Batman’s origins start with the violent separation nightmare, of a young boy watching helplessly while his parents are murdered in a street robbery. His father’s death, ineffectively trying to protect his wife and son from a random act, parallels the mission of the future Batman. Sublimating all other interests, Bruce Wayne trains himself into the ultimate crime fighter. But he is a much lonelier figure that Superman; while both are orphans, the superman is cared for by foster parents, while Bruce Wayne’s childhood is never clearly shown.

The Superman/Clark Kent character is always connected to society, with a job, love interests, friends and family. Much of his story takes place in workplace, where he functions as a newspaper reporter. Against this both Bruce Wayne and Batman are more remote, isolated from society and any mundane world. Bruce Wayne, conveniently, has a fortune; enough money so that he needs no job, and to finance all the bat-objects that facilitate his obsession. Bruce Wayne has no living family, his only daytime occupation being millionaire playboy. In the latter years, this element has been almost written out of the story, with Bruce Wayne becoming something of a hermit.

Except for his criminal foes, Batman’s only regular contacts are his butler, and an occasional sidekick. The figure of Robin was initially added to humanize Batman, as well as act as a foil. The original Robin was allowed to age, and grow into his own superhero, Nightwing. The second Robin was killed, after a notorious telephone poll that allowed readers to vote on his fate. The third and current Robin is younger, and is mostly used in the television cartoon. The idea being that children can only identify with a child character. Isolated as he is, and distanced from the society that he is trying to protect, Batman is almost reduced to his elemental nature.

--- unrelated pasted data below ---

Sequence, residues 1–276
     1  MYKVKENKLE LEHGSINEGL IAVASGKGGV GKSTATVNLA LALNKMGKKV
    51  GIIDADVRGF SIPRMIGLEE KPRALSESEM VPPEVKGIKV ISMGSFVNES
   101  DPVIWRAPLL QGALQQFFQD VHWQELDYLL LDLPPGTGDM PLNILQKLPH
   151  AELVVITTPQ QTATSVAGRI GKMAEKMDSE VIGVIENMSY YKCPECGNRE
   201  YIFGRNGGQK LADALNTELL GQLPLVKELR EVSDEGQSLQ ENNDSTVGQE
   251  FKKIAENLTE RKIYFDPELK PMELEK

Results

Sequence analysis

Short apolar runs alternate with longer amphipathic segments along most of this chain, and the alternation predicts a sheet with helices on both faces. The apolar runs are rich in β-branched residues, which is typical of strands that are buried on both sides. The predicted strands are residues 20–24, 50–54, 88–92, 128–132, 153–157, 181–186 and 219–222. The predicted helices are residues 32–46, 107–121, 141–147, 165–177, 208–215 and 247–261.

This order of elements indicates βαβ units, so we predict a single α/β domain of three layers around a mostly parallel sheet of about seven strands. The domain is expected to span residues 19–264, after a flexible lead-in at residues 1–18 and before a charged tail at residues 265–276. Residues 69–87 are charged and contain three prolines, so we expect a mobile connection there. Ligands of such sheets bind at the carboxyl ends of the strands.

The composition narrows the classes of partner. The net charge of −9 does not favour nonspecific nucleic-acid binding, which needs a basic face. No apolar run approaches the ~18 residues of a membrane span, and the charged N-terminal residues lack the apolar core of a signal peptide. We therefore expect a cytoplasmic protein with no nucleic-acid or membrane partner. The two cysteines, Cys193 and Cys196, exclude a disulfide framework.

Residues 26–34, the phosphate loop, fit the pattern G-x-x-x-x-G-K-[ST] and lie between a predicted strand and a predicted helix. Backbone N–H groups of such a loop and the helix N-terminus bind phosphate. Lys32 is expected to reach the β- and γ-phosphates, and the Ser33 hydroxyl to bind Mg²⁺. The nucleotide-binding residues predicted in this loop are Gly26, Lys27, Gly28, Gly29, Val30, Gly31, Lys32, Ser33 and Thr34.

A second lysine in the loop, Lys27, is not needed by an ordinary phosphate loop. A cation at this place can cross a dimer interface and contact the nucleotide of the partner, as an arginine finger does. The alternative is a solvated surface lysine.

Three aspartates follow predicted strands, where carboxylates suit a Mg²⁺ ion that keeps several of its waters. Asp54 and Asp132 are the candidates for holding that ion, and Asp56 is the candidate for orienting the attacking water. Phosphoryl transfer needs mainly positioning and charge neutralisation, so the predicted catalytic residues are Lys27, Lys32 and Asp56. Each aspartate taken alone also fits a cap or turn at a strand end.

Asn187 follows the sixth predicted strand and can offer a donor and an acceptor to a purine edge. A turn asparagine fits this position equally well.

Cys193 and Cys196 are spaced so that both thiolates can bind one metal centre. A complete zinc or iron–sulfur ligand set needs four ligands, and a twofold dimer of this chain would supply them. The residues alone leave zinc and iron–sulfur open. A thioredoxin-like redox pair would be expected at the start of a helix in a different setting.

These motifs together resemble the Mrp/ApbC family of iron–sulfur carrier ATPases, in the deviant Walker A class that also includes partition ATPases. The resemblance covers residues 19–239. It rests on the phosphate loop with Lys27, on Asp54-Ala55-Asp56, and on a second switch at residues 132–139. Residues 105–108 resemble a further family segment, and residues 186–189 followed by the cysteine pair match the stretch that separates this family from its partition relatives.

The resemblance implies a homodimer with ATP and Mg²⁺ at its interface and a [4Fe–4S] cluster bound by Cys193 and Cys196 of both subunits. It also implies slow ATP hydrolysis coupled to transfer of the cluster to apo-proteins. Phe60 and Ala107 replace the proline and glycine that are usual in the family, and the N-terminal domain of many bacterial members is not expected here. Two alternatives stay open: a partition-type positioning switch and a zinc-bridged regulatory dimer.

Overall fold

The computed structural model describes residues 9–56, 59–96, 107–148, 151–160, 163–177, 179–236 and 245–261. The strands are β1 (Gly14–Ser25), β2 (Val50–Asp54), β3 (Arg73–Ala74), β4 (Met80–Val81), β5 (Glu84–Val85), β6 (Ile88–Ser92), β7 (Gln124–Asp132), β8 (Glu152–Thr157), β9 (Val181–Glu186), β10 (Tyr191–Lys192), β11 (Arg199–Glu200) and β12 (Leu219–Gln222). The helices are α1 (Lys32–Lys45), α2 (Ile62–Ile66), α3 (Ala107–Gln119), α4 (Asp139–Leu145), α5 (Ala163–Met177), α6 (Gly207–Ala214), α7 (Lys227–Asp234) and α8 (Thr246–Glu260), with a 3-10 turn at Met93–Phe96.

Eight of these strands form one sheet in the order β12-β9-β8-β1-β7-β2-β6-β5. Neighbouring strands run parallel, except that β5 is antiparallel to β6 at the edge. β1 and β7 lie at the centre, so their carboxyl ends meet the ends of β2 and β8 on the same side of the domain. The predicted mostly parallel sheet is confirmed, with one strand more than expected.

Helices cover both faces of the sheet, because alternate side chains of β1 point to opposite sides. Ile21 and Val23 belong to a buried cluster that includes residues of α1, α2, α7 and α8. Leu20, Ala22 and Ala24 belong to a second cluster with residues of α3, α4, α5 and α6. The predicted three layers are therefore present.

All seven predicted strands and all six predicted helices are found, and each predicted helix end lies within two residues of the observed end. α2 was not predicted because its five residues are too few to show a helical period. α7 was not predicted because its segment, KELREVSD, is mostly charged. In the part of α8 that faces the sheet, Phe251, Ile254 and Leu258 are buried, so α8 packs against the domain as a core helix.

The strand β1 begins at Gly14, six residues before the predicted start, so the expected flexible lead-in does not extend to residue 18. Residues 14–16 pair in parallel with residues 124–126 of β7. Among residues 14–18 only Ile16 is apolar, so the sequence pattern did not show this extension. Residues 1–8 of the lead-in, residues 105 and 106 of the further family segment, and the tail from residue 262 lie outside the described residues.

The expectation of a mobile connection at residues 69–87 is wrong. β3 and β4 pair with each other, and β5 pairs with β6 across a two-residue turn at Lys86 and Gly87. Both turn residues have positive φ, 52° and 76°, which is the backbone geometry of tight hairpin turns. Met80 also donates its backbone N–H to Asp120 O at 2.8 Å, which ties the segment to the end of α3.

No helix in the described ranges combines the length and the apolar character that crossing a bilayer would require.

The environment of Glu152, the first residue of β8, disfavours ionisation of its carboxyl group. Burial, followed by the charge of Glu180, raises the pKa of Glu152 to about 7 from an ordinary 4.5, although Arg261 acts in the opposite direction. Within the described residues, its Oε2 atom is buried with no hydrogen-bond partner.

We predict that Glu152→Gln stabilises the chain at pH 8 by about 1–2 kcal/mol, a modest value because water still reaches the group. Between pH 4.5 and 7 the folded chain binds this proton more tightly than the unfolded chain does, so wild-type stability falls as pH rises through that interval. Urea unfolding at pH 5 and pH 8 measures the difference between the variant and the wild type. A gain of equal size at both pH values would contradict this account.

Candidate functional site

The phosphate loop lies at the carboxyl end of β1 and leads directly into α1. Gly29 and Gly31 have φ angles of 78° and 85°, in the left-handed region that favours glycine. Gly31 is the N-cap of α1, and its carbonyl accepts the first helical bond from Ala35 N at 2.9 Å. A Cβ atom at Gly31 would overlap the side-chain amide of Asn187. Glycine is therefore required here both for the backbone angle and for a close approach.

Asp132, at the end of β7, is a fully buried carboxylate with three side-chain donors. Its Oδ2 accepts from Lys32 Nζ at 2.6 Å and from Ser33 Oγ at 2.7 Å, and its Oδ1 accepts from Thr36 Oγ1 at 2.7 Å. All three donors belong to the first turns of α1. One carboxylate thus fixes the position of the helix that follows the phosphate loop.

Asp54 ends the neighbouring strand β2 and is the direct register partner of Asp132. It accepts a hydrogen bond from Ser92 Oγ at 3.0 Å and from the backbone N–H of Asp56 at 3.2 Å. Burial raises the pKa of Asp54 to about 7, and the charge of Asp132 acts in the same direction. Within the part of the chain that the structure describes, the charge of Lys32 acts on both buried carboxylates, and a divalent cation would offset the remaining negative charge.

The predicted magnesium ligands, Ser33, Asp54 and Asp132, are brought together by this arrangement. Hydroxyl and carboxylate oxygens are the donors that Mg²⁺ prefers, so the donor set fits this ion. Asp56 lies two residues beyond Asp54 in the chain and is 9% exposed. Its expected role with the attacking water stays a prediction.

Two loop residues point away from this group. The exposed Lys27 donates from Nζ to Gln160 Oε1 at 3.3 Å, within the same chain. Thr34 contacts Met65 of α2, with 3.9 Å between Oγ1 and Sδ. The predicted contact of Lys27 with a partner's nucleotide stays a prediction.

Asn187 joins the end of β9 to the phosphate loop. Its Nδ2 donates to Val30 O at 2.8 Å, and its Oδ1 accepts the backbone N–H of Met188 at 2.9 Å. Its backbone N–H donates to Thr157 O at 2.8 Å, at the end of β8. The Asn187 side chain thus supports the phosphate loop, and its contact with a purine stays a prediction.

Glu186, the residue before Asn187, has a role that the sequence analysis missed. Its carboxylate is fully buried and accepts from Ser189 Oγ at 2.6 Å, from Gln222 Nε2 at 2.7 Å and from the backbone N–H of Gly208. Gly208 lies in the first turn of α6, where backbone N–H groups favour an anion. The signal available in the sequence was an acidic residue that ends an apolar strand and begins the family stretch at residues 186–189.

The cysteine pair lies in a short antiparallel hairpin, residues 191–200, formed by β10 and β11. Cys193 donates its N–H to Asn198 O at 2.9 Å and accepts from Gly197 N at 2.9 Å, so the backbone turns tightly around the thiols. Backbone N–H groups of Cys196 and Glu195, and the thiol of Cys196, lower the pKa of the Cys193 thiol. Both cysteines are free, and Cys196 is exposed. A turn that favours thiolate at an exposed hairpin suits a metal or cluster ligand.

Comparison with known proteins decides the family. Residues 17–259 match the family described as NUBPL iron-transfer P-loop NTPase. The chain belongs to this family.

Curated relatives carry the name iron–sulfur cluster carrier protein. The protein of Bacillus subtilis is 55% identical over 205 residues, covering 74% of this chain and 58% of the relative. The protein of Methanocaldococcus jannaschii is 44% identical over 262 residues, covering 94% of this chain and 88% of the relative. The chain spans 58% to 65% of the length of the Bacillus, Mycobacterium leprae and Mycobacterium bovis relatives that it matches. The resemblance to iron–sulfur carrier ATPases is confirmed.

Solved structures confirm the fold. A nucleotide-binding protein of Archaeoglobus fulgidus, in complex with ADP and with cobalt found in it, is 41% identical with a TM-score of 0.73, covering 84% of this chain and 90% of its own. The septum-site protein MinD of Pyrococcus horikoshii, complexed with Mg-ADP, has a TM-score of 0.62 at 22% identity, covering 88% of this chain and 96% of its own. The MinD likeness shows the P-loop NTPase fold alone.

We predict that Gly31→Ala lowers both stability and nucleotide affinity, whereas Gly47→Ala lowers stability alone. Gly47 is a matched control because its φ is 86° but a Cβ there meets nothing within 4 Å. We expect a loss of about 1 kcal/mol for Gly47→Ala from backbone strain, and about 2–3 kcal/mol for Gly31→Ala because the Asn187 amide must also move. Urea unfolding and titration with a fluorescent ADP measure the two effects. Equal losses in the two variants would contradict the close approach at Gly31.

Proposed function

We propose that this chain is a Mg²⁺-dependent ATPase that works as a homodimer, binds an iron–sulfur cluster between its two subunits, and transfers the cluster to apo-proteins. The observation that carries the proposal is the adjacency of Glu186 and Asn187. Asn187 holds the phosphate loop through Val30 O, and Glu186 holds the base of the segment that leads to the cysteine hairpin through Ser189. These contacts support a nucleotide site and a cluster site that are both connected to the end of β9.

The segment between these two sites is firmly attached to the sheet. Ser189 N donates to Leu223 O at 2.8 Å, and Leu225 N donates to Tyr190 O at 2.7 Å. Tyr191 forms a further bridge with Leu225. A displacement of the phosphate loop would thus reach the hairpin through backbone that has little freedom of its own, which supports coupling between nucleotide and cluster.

Similarly, Batman’s foes tend to be more elemental constructs then those of Superman. Rising out of the 1930’s, an era that saw such criminal celebrities as John Dillinger and Bonny and Clyde, the extreme characters of his foes is both necessary for the narrative, and reflexive of the times. Batman’s most celebrated foe, the Joker, less a person than an agent of chaos, who sees destruction and mayhem as purpose in themselves. The Joker’s origin, first set out in Detective Comics #168 (1951), starts with the bungled robbery of the Monarch Playing Card Company. The thief escapes only by swimming through a catch basin of noxious chemicals.



As the Joker explains it:

"’That chemical vapor — it turned my hair green, my lips rouge-red, my skin chalk-white! I look like an evil clown! . . . Then I realized my new face could terrify people.’